Executive Summary

The Government of India launched the Pradhan Mantri Kisan Urja Suraksha evam Utthaan Mahabhiyan (PM-KUSUM) scheme in 2019 to improve irrigation access and farmers’ income through solar-powered irrigation. Under its components A and C, the scheme aims to promote innovative models for solar-powered irrigation by setting up solar power plants on agricultural land, and solarising existing grid-connected pumps, respectively. These components intend to support farmers to be net energy producers and earn an additional income. Concomitantly, the state governments are expected to reduce their agriculture power subsidy bills, while the discoms procure low-cost solar power sourced closer to the consumers through these models.

Notwithstanding the pandemic-related challenges, with almost half the scheme’s target period already over, these components have not taken off in most states. Only the Rajasthan government has offered letters of award for projects under Component-A. Rajasthan is also the only state that has begun installing grid-connected solar pumps under Component-C, that too on an experimental basis. In contrast, Component-B of the scheme promotes stand-alone solar pumps and is progressing well across many states. Therefore, this study investigates the reasons behind the slow uptake of the components A and C of the PMKUSUM scheme and proposes solutions to overcome the key barriers.

We do so by capturing the experience of seven Indian states in the implementation of the components A and C of the PM-KUSUM scheme and related previous pilots. Our findings are based on detailed interviews with 15 key informants across power distribution companies, state nodal agencies, developers, system integrators, and manufacturers. During the semistructured interviews, which lasted for 45-90 minutes, we focused on identifying potential administrative, regulatory, financial, operational, and technical challenges hindering the scheme’s rollout. We also discussed possible solutions to address these challenges. In addition, we conducted a scenario-based economic analysis to assess the economic viability of Component-C for farmers, the power distribution companies (discoms), and the government. Below we summarise our key findings and recommendations.


Under Component-A, farmers can set up solar or other renewable power plants on their land (directly or by leasing out land to developers), and the discom would purchase power from them. Most discom respondents were enthusiastic about this component due to its potential to reduce the power-purchase cost, but shared concerns about several implementation challenges, including surplus of contracted generation capacity. Unattractive tariffs for developers, delays in land leasing/conversion and inability of farmers to mobilise equity or debt finance also emerged as key challenges. To overcome these challenges, we propose the following recommendations for Component-A.

1. Modify the scheme timelines to enable the inclusion of Component-A in discoms’ power-purchase planning

Many discoms are not in a position to benefit in the short term from the component due to surplus contracted capacity and low variable cost of power from conventional power plants. Many are not in a position to shoulder the additional burden for long-term benefits, a situation further exacerbated by the pandemic-induced stress on discoms’ finances. Savings from renewable purchase obligation (RPO) fulfilment also depends on the discoms’ power-purchase plans and the level of enforcement of RPO regulations. The Ministry of New and Renewable Energy (MNRE) should modify the timelines for the scheme to enable the discoms to align the component with their power-purchase planning and gain maximum benefit from the component. The central government should also strengthen the RPO regulations enabling the discoms to plan for RPO fulfilment through Component-A power plants.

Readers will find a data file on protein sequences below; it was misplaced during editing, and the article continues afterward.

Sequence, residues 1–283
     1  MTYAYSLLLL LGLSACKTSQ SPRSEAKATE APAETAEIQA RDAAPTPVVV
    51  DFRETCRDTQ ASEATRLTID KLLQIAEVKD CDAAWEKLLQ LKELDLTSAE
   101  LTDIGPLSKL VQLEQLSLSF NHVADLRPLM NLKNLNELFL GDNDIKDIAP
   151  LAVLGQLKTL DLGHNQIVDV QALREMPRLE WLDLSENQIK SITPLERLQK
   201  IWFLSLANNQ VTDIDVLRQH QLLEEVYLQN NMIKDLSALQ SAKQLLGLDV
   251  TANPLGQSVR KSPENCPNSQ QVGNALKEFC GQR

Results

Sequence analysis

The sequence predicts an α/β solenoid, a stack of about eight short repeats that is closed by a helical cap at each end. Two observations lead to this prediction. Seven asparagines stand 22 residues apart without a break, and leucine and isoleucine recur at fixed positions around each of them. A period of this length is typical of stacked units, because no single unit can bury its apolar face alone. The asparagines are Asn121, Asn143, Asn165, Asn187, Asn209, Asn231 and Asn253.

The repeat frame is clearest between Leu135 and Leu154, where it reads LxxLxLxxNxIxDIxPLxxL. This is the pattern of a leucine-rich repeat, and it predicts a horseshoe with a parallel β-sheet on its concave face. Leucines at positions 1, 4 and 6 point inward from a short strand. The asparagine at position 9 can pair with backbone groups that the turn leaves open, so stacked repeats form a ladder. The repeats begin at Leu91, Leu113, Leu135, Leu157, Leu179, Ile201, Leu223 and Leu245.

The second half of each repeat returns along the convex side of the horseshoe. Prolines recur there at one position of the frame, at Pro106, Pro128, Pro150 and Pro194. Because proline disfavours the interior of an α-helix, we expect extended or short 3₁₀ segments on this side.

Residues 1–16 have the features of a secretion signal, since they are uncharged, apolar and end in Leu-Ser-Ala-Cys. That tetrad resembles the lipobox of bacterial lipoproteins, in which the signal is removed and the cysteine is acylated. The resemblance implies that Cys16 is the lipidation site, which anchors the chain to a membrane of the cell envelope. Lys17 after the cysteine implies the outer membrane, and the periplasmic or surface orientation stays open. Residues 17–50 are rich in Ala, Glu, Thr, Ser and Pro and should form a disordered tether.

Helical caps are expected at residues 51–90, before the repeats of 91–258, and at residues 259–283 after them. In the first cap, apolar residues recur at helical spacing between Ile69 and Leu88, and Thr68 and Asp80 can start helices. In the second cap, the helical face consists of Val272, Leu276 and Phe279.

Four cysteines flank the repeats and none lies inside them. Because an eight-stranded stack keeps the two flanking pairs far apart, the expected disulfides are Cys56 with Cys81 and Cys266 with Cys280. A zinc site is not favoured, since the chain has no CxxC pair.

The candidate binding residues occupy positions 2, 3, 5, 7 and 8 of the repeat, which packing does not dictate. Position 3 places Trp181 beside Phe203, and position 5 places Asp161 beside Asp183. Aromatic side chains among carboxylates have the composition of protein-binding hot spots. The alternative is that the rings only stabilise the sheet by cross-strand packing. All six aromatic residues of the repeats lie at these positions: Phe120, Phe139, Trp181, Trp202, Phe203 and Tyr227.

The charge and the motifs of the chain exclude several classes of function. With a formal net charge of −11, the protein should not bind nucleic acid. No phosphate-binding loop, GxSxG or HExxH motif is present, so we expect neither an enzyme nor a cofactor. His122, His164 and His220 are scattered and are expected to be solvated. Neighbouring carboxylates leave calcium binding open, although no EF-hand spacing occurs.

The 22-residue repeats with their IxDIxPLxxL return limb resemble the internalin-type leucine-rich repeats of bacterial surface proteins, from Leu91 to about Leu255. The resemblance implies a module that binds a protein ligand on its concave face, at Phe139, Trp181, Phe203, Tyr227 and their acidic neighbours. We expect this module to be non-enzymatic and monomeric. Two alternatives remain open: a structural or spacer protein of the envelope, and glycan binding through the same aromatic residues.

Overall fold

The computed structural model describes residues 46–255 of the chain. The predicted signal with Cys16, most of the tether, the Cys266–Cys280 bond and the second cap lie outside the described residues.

2. Reduce risks and improve the competitiveness of decentralised power plants

The MNRE should study the impact of new customs duty on the cost competitiveness of small-capacity power plants and take appropriate measures to mitigate the associated disadvantages. The MNRE, in consultation with the Forum of Regulators (FOR), should also prepare a guidance note for the state SERCs to standardise an approach for tariff for Component-A power plants considering the factors like limited economies of scale, lower DC-to-AC conversion efficiency, etc. Two key risks concerning the deployments under Component-A are grid unavailability and counter-party risk. The MNRE should strengthen the compensation clauses in grid unavailability and put the onus on the discoms to ensure a minimum grid availability. The discoms should be penalised in the event of failure to honour the power-purchase agreements (PPAs) to reduce the counterparty risks for the developers.

3. Undertake broader policy reforms to address the bias against distributed solar power plants

Under the current Inter-State Transmission System (ISTS) regulations, solar power plants are exempt from transmission charges, and no transmission losses are accounted for towards solar generation. This statute, which was brought in over a decade ago to promote the solar power sector, has unintendingly favoured large utility-scale solar power plants in a few states with high generation potential, like Rajasthan, over the distributed solar plants. The former offers cheaper rates due to favourable generation conditions and the discoms do not have to bear the inter-state transmission costs, thus reducing the effective cost of power by about INR 0.5-2.2 per kWh (Menghani 2021). The central government should do away with this archaic statute and initiate policies favouring distributed power plants if Component-A or similar schemes are to succeed.

4. Streamline land regulations to ensure smooth implementation

State regulations concerning land leasing and land conversion from agricultural to nonagricultural uses have been a critical barrier in the scheme’s implementation. Some states prohibit the leasing of agricultural lands for non-agricultural purposes. Even states like Karnataka, with provision for ‘deemed diversion’ of agricultural land for solar projects, have witnessed administrative delays in this regard. Implementing agencies should work closely with the state revenue department to identify and address these challenges.